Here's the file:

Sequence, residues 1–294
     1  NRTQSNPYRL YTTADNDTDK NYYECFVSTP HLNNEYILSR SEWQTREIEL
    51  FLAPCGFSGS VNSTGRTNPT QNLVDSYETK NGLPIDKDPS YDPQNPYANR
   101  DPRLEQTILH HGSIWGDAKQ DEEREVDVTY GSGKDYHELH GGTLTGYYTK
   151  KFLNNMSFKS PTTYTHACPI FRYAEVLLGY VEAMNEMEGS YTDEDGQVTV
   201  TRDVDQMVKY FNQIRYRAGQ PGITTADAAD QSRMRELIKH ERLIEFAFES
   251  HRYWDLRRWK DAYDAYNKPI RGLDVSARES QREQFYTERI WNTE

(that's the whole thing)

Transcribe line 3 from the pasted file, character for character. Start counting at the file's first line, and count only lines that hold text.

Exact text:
    51  FLAPCGFSGS VNSTGRTNPT QNLVDSYETK NGLPIDKDPS YDPQNPYANR